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Official Gazette

Monday, December 5, 2022

PCI 2012: Confidence in business environment shrinks

Updated: 15:52’ - 29/03/2013

Domestic and foreign firms last year were far more negative about the quality of economic governance and the business environment than in previous years, according to the 2012 Provincial Competitiveness Index (PCI) report released this month.

Conducted annually since 2005, the PCI survey seeks to measure and assess the standards of economic governance in Vietnam’s 63 provinces and cities from the perspective of the private sector, covering business-critical issues of entry costs for business start-up, access to land, time costs of regulatory compliance and informal charges. It also touches upon the quality of governance, including proactivity of provincial leadership, transparency and access to information, business support services, labor training and legal procedures for dispute settlement.

Developed by the Vietnamese Chamber of Commerce and Industry (VCCI) and the US Agency for International Development-supported Vietnam Competitiveness Initiative (USAID/VNCI), the PCI survey is currently the most comprehensive annual survey of local firms about the provincial business environment in Vietnam.

The eighth PCI survey, which reflected the views of 8,053 private businesses and 1,540 foreign-invested enterprises across Vietnam, showed the quality of economic governance had critically declined with all provinces registering plunging scores. For the first time, no province could reach the excellent threshold of 65 points, which had been once reached by such provinces as Binh Duong, Da Nang, Lao Cai, Bac Ninh and Dong Thap. The median score of provinces fell from 59.15 points in 2011 to 56.2 points, the lowest since the index was revised in 2009.

In 2012, Dong Thap topped the order with 63.79 points, followed by An Giang and Lao Cai. Long An and Bac Ninh were also among the best-performing group while previous top performers Da Nang and Binh Duong scored low, going down to the 17th and 19th  positions respectively. Ho Chi Minh City jumped to the 13th rank with 61.19 points from the 20th last year while Hanoi slipped to the disappointing 51st with a mere 53.4 points. A sharp increase in the rankings of Mekong delta provinces with six present in the top-ten performers was seen.

While highlighting reductions in petty corruption, the 2012 PCI provided greater details and empirical evidence of governance areas in need of improvement. In particular, firms registered increased dissatisfaction with the expropriation risk and the inability of land compensation prices to keep pace with market prices, less confidence and usage of provincial legal institutions, and more limited use and less satisfaction with the supply and quality of business support services.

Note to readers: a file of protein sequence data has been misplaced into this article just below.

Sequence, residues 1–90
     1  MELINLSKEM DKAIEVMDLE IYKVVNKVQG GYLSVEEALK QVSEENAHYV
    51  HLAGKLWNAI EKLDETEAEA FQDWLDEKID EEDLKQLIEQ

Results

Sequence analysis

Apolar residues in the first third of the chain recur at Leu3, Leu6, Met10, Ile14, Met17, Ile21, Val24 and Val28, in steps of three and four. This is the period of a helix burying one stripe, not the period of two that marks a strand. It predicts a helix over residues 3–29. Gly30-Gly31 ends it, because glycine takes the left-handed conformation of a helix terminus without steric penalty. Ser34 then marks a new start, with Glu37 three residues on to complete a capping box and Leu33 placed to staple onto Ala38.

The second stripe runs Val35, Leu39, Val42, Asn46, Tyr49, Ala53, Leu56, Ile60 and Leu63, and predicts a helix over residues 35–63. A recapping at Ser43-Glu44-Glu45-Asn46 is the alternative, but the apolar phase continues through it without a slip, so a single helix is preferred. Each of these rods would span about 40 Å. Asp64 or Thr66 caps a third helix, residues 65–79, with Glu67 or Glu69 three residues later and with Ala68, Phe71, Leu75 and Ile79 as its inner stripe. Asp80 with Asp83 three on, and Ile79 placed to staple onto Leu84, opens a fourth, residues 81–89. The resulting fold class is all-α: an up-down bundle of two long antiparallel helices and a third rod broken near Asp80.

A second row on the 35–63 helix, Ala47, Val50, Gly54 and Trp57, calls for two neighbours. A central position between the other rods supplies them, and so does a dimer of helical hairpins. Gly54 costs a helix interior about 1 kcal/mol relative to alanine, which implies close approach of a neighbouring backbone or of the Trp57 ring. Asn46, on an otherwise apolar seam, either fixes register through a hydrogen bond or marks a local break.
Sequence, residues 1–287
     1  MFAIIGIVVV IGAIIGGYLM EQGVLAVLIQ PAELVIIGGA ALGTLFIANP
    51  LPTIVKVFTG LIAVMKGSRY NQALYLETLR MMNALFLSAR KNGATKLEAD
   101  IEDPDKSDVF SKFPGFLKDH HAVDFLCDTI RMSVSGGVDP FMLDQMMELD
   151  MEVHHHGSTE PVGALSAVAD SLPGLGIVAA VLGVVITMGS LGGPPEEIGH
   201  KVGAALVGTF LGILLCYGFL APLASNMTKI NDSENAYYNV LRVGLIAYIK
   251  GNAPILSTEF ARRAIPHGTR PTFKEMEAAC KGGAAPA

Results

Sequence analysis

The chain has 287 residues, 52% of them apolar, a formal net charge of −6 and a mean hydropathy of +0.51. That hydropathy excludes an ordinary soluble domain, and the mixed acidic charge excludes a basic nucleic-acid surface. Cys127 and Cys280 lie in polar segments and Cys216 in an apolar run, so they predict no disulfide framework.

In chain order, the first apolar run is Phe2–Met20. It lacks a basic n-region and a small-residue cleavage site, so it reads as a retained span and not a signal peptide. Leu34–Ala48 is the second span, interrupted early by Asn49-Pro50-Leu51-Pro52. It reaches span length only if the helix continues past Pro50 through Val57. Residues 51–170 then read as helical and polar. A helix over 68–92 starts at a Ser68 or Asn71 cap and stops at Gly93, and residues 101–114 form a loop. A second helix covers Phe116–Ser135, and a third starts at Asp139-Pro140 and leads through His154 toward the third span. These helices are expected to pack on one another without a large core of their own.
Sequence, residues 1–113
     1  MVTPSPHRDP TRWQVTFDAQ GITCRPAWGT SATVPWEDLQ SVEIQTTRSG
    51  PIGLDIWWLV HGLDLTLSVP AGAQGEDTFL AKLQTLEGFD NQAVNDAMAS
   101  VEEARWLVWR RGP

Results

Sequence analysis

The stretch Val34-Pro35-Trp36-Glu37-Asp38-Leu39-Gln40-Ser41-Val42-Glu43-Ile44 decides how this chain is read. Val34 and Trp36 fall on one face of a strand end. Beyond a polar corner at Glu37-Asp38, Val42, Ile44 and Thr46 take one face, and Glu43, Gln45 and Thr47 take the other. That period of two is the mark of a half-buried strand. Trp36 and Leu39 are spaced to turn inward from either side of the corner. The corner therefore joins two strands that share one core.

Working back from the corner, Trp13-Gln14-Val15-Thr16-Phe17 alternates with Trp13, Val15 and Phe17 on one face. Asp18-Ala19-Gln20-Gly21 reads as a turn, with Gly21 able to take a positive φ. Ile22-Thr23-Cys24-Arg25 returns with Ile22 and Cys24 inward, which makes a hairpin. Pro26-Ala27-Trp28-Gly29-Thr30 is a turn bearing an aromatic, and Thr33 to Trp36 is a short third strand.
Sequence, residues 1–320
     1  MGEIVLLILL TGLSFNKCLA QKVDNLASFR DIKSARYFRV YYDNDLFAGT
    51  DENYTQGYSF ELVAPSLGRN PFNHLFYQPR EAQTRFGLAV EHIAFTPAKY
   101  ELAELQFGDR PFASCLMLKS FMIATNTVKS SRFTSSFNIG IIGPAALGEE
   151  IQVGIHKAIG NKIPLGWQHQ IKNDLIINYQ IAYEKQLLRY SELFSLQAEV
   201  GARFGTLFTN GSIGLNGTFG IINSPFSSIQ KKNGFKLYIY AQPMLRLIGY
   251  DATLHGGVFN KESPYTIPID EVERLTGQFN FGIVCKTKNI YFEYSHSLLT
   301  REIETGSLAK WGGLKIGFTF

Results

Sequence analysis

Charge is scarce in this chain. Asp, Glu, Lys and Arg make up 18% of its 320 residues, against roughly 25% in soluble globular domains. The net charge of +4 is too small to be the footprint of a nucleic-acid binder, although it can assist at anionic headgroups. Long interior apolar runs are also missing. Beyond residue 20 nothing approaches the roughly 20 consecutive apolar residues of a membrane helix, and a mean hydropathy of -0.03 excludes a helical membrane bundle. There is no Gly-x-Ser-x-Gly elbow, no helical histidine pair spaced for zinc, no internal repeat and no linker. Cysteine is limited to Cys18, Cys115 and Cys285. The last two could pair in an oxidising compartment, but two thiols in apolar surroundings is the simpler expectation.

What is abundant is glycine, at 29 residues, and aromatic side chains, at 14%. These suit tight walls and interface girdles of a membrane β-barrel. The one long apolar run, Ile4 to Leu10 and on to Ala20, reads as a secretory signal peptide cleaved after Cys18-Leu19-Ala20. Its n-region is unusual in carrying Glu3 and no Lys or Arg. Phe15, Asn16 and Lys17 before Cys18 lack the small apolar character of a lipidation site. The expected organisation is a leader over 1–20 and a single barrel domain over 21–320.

The survey report remarked that local governments’ efforts to reform administrative procedures such as shortening the business registration and licensing time, reducing inspections, speeding up the grant of land use rights certificates and cutting informal charges for administrative formalities, which once made Binh Duong and Da Nang score high, were no longer appreciated by businesses.

This implied that businesses now wanted more reforms vital to their production and business operations such as macro-economic stability which no province had been able to guarantee so far. Drastic changes were also needed in other business-related fields such as reduction of corruption, protection of property rights and improvement of legal institutions.

Some 48% of the surveyed foreign-invested firms agreed macro-economic instability was one of the three primary risks they encountered when doing business in Vietnam, with 36% of them considering it the first primary risk. The rate of businesses fearing for the macro-economic risk had increased 20% after the arrest of several bank leaders last August, the survey report said.

The survey also found contract, policy, labor and corruption risks were other major concerns of foreign investors after the macro-economic risk, which, however, varied from one province to another. While 78% of businesses in Ba Ria-Vung Tau considered policy risk as one of the three primary risks, only 11% in Long An thought so. But 89% of businesses in Long An saw labor as their first primary risk while this rate was only 29% in Hanoi.

Although the survey found petty corruptions had decreased, major corruptions at investment projects tended to rise with 42% of firms having paid unofficial fees to win contracts, up 18 percentage points from 2011.